This afternoon, I read an article about college rankings, in which McGuire questions the validity of college rankings, sums up many (if not most) of my issues I have with the system. How, exactly, would I have received a better education at (for example) Harvard than at Stony Brook University? Is it because Harvard is more expensive? I always felt (very slightly) miffed that someone might think I didn't get a good education because I went to a state school. (I'd oddly loyal that way.) I also never really grokked that notion of the "right college fit" until I went to SBU.
I was thinking of a few things when I was looking at grad schools. To the extent of my knowledge, not one Ivy League university has the program in which I am interested. Does that mean that I'm getting a sub par education? I hope not. When I talked to people during my search, I was asked (often enough) whether I would stay at SBU, and my reasons for choosing not to even apply. Many students seem to stay at the same university for graduate studies; for example, I've known quite a few students both at SBU and at LIU who did both undergrad and grad degrees at the same school, within the same department. I think this is a mistake. (This obviously is a personal decision. I think it tends to be a mistake because if a student stays at the same university for both undergraduate and graduate degrees, often they are learning the same material. SBU, for example, did not have different concentrations at different levels; one chose one of or several of the literature concentrations that are ensconced in the English department. I thought the professors at SBU very good, but I think one of the benefits of going to another university is to become exposed to different teaching styles and different course offerings. Go learn what professors at different institutions have to say about American Lit; go learn about different research that's being done in British Lit; etc.)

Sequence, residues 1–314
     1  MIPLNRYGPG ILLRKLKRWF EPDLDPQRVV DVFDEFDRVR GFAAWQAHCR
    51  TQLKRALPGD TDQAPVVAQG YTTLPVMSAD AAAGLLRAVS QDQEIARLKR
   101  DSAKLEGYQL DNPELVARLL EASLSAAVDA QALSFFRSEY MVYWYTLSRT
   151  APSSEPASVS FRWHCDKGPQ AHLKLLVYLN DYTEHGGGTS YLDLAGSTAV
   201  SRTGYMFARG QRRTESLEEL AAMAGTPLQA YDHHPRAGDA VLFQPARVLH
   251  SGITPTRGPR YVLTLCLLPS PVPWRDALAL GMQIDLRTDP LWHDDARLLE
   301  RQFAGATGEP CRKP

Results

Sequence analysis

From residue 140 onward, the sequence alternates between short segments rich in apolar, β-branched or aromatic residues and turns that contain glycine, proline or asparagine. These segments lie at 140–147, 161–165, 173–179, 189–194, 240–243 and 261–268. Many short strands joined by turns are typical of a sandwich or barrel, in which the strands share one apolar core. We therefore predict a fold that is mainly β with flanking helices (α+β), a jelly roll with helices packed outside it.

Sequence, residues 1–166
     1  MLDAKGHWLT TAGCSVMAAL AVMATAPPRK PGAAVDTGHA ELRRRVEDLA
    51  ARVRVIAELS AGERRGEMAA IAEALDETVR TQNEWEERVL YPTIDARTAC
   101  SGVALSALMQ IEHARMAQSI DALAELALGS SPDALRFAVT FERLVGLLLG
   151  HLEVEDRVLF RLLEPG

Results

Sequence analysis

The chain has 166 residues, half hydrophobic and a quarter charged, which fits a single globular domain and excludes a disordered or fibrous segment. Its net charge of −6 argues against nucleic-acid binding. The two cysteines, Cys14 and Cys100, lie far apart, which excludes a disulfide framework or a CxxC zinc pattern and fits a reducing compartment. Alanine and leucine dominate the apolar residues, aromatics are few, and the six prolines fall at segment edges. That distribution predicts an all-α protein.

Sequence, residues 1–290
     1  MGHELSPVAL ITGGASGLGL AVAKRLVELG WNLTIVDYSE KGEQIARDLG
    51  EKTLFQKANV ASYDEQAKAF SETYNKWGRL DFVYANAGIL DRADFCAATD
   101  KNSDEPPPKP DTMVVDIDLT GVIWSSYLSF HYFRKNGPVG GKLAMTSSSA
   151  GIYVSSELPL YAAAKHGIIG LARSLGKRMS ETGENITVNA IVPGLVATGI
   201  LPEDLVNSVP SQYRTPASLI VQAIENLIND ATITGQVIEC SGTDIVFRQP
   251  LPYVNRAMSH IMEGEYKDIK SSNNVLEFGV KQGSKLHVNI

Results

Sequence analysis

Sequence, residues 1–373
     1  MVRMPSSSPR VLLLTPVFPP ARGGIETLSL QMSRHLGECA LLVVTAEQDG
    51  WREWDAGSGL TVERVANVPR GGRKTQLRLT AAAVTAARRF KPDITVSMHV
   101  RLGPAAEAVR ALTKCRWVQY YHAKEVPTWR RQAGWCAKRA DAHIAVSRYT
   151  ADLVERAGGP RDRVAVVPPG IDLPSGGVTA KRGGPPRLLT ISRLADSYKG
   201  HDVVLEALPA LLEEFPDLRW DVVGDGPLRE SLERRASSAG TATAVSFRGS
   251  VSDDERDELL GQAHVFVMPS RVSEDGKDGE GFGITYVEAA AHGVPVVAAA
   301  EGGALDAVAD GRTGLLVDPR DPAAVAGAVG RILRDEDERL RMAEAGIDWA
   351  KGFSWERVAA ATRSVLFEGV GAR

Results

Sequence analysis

The students I know who stay at the same school, both at SBU and at LIU, are all bright students and do well, in some cases better than I. (For the record, I graduated with a 2.93 overall G.P.A. at SBU, while within my major my G.P.A. was about a 3.23. My G.P.A. at LIU at the moment is hovering just above 3.835.) Their undergraduate G.P.A.s are often higher than mine, but I'm often doing better in grad school. SBU is, I think, probably a better school than LIU (which is not to say LIU is bad; apparently in pharmacy we're in the Top 10). Who's the better student, the one who got a higher G.P.A., or the one who went to a higher-ranked (for that department) university? Who would you hire?
I also realize that I don't know if any of my non-teacher friends are in careers in which their G.P.A.s are outright questioned, which is perhaps why I'm so uptight about maintaining mine. (This is not that my grad school cronies aren't, concerned but I suspect fewer of them have careers riding on it).
When I was in high school, Mom and I briefly took Arabic lessons. It was an interesting experience. The teacher wasn't too good, really, but he tried hard and he was nice (and I learned how to count like nobody's business, must better than anyone else in the class, I must say). One of the other students (who later showed up teaching at LCCC, which is where I got my two-year degree right after high school) told me she thought I'd do really well at a SUNY school, and even found me some information; I, of course, wasn't too keen on the idea (too far from home; I wasn't ready for college even though I knew it, but I couldn't have verbalized it). I don't know or remember why she said that, and I wish I had a way of asking her, and telling her she was right.
I suppose one of the reasons I'm into teaching is because I like talking to students about their future life. I wish parents knew that if their kid doesn't go to college right away, the kid's life isn't going to fall to pieces. And that's true if the kid doesn't go to college period, or goes to a "lesser college" because there are so many factors that go into "the right school." And I get uppity when someone - even a magazine - tries to tell me that Harvard or any other Ivy League university is better than any other university based on random criteria.